“Record cold, early snow grip Prairies on Thanksgiving” (Chen-ou Liu)

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snowflakes
falling upon snowflakes
upon snowflakes…

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Headlines:

“Record cold, early snow grip Prairies on Thanksgiving” (CBC News)

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Poem by Chen-ou Liu (see poet biographies). Read more by this poet.

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^ 10 Comments...

  1. Paul Smith

    I absolutely love this poem. So simple, so profound!

  2. Chen-ou Liu

    Paul, thanks for your kind words. Much appreciated.

    Chen-ou

  3. Laurence Stacey-Editor

    I agree, this is stellar!

  4. Editor

    Me three! This poem has it going on!!! Great work Chen-ou.

  5. Chen-ou Liu

    Laurence and Dick,

    I try to employ an element of repetition in my haiku to see if it works well.

    Many thanks for your encouraging comments.

    Chen-ou

  6. Editor

    Repetition is also one of my favourite techniques in haiku. When used properly it has a wonderful effect (a kind of doubling up exponentially to create an endlessness, not unlike the Western concept of the “sublime”).

  7. Chen-ou Liu

    Hi! Dick:

    “Western concept of the ‘sublime’”

    Kantian sublime? Kant identifies the sublime with a quantity, and that quantity is unlimited.

    Chen-ou

  8. Dick Whyte

    Yeah – that is what I was getting at – the repetition heads toward infinity and creates a sense of the unlimited (or endlessness). It does this by suggesting that the repetition goes on forever (unlimited repetition). Hence, I can read your poem as:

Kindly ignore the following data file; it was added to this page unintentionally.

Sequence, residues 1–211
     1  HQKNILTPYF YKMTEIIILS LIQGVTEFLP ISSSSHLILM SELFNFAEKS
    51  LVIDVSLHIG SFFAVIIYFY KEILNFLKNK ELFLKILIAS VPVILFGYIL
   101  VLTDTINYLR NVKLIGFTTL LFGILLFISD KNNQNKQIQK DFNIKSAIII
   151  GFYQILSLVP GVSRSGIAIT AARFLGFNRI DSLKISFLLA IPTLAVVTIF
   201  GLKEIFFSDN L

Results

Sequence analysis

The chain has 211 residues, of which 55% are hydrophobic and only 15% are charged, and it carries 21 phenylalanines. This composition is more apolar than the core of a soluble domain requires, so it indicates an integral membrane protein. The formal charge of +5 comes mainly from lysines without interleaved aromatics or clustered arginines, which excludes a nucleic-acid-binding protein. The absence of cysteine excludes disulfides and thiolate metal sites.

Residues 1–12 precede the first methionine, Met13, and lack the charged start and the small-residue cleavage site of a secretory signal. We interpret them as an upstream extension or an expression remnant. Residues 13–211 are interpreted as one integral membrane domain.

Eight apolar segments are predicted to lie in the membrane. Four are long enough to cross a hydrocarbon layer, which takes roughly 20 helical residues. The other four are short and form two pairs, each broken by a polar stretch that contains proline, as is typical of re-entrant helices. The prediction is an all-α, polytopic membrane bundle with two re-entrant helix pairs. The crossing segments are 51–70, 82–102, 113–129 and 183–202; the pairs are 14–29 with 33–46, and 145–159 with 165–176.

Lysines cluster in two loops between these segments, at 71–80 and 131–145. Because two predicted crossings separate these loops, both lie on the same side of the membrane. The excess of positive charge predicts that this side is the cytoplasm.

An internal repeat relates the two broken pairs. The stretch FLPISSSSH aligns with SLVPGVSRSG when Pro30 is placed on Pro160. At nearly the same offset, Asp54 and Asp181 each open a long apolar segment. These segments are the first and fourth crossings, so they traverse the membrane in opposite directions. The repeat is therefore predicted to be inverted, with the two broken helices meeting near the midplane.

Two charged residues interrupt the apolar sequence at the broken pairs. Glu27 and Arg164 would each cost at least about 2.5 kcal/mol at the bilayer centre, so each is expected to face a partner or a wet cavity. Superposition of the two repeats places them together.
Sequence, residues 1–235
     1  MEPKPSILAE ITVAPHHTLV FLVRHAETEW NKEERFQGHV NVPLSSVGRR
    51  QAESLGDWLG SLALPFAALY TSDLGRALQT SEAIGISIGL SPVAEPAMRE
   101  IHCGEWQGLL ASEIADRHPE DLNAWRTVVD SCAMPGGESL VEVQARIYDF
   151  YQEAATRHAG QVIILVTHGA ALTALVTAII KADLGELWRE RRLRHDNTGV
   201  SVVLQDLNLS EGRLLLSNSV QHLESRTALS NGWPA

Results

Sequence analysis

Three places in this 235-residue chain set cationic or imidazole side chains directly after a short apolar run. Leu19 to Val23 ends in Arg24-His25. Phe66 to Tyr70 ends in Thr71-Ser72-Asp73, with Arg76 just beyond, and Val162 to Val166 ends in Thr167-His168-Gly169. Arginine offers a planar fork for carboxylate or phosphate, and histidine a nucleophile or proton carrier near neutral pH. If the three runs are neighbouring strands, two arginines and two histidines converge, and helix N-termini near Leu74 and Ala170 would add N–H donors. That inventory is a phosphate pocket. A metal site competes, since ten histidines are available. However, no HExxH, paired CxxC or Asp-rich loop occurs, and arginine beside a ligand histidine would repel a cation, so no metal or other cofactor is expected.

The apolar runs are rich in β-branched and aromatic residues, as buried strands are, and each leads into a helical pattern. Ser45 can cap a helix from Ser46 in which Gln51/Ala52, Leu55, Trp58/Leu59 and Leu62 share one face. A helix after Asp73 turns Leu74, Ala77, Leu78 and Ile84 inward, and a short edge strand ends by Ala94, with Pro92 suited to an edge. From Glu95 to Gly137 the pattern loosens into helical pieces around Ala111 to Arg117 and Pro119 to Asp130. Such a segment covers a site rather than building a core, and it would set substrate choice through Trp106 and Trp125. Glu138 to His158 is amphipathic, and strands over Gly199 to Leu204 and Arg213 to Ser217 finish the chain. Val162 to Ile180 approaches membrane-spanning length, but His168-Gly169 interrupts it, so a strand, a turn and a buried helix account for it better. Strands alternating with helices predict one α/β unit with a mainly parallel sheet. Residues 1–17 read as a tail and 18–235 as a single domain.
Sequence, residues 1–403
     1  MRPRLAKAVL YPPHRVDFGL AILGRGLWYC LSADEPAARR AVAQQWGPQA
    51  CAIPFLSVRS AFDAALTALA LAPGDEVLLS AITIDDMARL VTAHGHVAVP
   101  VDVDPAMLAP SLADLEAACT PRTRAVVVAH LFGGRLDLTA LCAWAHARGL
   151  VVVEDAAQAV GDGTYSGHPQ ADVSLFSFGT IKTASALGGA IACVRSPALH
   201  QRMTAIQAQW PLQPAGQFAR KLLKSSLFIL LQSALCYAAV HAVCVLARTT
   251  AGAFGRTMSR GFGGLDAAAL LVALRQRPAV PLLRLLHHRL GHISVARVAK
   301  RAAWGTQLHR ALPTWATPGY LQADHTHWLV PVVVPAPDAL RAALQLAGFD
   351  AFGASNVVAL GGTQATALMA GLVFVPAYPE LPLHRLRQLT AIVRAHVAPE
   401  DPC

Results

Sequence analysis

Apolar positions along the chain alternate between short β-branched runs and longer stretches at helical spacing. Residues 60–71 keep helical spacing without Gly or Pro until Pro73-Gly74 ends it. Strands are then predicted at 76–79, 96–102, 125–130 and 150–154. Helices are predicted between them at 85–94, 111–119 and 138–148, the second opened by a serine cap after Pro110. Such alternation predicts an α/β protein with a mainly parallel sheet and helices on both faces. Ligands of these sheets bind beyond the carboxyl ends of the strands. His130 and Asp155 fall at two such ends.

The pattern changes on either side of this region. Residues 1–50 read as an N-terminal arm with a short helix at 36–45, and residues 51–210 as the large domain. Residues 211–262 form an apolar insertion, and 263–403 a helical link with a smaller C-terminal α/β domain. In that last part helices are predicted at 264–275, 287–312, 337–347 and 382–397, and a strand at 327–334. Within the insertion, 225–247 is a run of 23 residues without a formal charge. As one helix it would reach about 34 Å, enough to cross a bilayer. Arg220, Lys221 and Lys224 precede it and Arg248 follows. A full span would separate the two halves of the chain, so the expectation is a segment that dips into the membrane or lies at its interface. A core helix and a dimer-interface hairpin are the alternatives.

snowflakes
    falling upon snowflakes
    upon snowflakes…
    falling upon snowflakes
    upon snowflakes…
    falling upon snowflakes
    upon snowflakes…
    falling upon snowflakes
    upon snowflakes…
    falling upon snowflakes
    upon snowflakes…

    (and so on – toward the limitless)

    This is the way I see repetition working in haiku as a structure.

    Any thoughts?

  9. Chen-ou Liu

    Dick,

    You grasped the complete meaning of my poem. You co-authored it.
    Many thanks!

    Chen-ou

  10. Dick Whyte

    I dunno about co-authoring. I think I just drew out the implications of your poem that were there from the beginning. I also think it would have had this effect in three lines (as we published it) or in one line (as you originally submitted it). Great poem man. We look forward to seeing more.

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